I use a set that is probably Tipton for 9mm, they look like the ones pictured, and the name is familiar ... but the white printing is totally worn off of mine from chambering, rolling around on the ground, etc etc.
    They seem to be holding up just fine, I have no idea how many strikes they have on them, and I'm sure you'll lose count as well. Probably upwards of 500 each, possibly over 1000 ea.

    The A-zoom brand ones look pretty good, too ... but I really like the bright red plastic, since there isn't any ammo in the house that looks even vaguely like the Tipton caps.
     
  9. noeyedeer

    noeyedeer Member

    Joined:
    Nov 18, 2006
    Messages:
    22
    A-zoom are really hard to find in the grass at the range.
     
  10. bigfatdave

    bigfatdave Member

    Joined:
    Jul 13, 2008
    Messages:
    5,961
    Location:
    Near Camp Perry
    noeyedeer, that's another reason I like the bright red plastic ones.
     
  11. c919

    c919 Member

    Joined:
    Apr 30, 2009
    Messages:
    747
    Location:
    where else? TN.
    Another +1 for A-zoom
     
  12. TargetTerror

    TargetTerror Member

    Joined:
    Feb 12, 2007
    Messages:
    469
    Location:
    Stalingrad, MA
    I make my own with my reloading press. Deprime a spent case, DON'T PRIME OR ADD POWDER, then seat a bullet. Cut a piece of pencil eraser to fit the primer pocket and you have your very own snap cap for a much lower premium than Azoom and the like.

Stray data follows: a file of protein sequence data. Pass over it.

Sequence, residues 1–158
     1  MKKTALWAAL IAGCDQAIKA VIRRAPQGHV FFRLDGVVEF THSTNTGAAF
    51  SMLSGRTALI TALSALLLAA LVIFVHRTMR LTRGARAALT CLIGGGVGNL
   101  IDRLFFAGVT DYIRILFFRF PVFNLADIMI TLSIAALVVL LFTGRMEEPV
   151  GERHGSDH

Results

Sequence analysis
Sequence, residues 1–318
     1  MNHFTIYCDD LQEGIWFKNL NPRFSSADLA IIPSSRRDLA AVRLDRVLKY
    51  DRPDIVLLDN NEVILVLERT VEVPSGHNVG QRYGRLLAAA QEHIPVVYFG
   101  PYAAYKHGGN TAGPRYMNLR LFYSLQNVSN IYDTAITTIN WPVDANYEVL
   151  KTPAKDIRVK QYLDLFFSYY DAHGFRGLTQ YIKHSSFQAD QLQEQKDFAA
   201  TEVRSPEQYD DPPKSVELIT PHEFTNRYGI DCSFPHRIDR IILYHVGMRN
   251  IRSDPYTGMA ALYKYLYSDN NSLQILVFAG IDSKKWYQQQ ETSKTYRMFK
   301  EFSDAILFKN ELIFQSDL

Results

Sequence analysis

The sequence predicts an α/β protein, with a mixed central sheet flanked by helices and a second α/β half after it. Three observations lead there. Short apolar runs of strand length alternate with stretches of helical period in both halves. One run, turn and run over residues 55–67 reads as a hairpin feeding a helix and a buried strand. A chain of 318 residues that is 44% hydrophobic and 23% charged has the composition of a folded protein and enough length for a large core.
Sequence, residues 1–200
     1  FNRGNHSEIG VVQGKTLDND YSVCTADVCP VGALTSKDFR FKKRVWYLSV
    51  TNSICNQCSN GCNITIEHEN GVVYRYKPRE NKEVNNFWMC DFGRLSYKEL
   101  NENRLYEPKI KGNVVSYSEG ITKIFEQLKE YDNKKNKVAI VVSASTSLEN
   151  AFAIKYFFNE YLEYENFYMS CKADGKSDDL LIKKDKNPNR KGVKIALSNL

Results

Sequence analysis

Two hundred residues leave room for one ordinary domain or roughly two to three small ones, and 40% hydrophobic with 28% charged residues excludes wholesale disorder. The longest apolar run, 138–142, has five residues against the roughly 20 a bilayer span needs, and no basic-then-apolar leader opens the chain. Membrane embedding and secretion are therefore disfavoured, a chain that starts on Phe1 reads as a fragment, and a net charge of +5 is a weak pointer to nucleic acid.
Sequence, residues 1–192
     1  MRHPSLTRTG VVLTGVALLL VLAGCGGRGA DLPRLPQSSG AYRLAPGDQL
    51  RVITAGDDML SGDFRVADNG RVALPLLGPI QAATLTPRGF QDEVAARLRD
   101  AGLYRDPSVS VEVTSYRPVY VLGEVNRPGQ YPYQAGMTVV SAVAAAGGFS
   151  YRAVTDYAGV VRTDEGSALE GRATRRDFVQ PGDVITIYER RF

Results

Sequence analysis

This trick is particularly useful for wildcat or rare cartridges.
     
  13. DasFriek

    DasFriek Member

    Joined:
    Jun 5, 2009
    Messages:
    1,498
    I have some ST Action Pro .45 snap caps and are junk imo.
    After 3 hits from the firing pin the plastic orange bullet/cap pushes out of the casing.
    This allows the firing pin to operate like no dummy round is in it at all.Then when you go to eject it the round is too long now since the end is pushing out of the casing.

    Maybe some super glue may fix this,but i wish i had invested in better ones.
     
  14. ChristopherG

    ChristopherG Member

    Joined:
    Jan 7, 2003
    Messages:
    1,933
    Location:
    Central WA
    I don't mean to be contentious, but what happened to persuade you that you need snap caps? I have dry-fired each of a dozen different guns thousands of times, some no doubt tens of thousands of times, with no adverse effect I can detect. Did something happen to your guns?
     
  15. ainokea

    ainokea Member

    Joined:
    Mar 25, 2008
    Messages:
    125
    Location:
    Mountlake Terrace, WA
    If it's a hammer fired handgun you can put a foam earplug in the hammer channel and dry fire away.
     
  16. cleetus03

    cleetus03 Member